According to a new research from the University of Nottingham, 3D printing can be used to fabricate advanced materials containing molecules that change states in response to light and other environmental stimuli.
Cube of advanced material featuring photochromic molecules. (Image credit: Victor Sans Sangorrin)
This breakthrough finding presents new opportunities to considerably boost the functional capabilities of 3D-printed devices for the healthcare, electronics, and quantum computing industries.
The study, headed by Dr Graham Newton from the School of Chemistry and Dr Victor Sans Sangorrin from the Faculty of Engineering, has been reported in the academic journal, Advanced Materials.
This bottom-up approach to device fabrication will push the boundaries of additive manufacturing like never before. Using a unique integrated design approach, we have demonstrated functional synergy between photochromic molecules and polymers in a fully 3D-printed device. Our approach expands the toolbox of advanced materials available to engineers developing devices for real-world problems.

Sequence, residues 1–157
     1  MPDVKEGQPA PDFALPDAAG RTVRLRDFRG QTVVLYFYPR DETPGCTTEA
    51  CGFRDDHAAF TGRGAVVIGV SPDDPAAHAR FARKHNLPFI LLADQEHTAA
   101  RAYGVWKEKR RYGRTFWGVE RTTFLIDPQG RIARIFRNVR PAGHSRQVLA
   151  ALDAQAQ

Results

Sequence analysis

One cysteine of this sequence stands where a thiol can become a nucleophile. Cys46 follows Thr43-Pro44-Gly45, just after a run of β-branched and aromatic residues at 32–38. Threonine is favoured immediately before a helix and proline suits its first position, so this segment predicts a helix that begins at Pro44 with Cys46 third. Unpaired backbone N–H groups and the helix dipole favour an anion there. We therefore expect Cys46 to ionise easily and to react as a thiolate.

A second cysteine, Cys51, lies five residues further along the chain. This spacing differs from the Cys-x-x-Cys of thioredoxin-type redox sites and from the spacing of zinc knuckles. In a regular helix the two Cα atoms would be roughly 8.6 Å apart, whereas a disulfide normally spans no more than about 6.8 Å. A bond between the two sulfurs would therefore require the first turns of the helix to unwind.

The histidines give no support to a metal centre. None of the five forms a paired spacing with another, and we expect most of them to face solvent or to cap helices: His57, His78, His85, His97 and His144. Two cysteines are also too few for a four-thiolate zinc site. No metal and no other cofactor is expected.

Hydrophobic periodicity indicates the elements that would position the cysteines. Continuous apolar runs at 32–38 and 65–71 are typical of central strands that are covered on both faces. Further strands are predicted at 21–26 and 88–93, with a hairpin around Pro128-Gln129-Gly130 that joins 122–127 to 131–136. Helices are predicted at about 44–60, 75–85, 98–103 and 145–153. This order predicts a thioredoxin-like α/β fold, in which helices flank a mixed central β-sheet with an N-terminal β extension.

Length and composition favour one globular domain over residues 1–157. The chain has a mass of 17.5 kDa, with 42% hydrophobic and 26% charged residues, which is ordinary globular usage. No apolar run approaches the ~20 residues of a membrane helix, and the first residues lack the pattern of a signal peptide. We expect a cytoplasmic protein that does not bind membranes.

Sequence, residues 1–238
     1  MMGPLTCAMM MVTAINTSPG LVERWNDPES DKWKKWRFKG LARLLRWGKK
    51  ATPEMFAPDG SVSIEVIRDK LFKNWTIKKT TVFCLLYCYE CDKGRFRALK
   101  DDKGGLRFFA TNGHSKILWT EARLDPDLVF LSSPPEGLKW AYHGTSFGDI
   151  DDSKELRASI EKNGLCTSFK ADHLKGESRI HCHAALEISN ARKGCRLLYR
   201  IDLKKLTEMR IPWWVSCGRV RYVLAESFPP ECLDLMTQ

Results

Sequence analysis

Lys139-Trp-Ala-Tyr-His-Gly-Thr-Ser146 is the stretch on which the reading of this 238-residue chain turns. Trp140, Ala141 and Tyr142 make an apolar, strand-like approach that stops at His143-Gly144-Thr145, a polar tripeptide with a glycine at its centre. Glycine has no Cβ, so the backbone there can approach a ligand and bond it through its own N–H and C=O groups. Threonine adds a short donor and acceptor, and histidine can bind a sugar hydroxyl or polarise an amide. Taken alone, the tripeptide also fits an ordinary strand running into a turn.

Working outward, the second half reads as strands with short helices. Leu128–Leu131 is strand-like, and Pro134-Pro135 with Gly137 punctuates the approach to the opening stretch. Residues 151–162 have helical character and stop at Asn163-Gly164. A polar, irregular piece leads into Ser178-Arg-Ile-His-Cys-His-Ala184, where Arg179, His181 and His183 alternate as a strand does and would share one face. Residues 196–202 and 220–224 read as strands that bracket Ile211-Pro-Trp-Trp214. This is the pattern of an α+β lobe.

Dr. Victor Sans
The researchers developed a photoactive molecule to demonstrate their concept. When this molecule is irradiated with light, it changes from colorless to blue. However, this color change can be subsequently revered by exposing the molecule to atmospheric oxygen.
Next, the team combined the photoactive molecules with a custom-made polymer to 3D print composite materials. This resulted in a novel material that is capable of storing data reversibly.
We can now take any molecules that change properties upon exposure to light and print them into composites with almost any shape or size. In theory, it would be possible to reversibly encode something quite complex like a QR code or a barcode, and then wipe the material clean, almost like cleaning a whiteboard with an eraser. While our devices currently operate using colour changes, this approach could be used to develop materials for energy storage and electronics.
Dr. Graham Newton
The Leverhulme Trust, the University of Nottingham, and the German Academic Exchange service (DAAD) supported the research.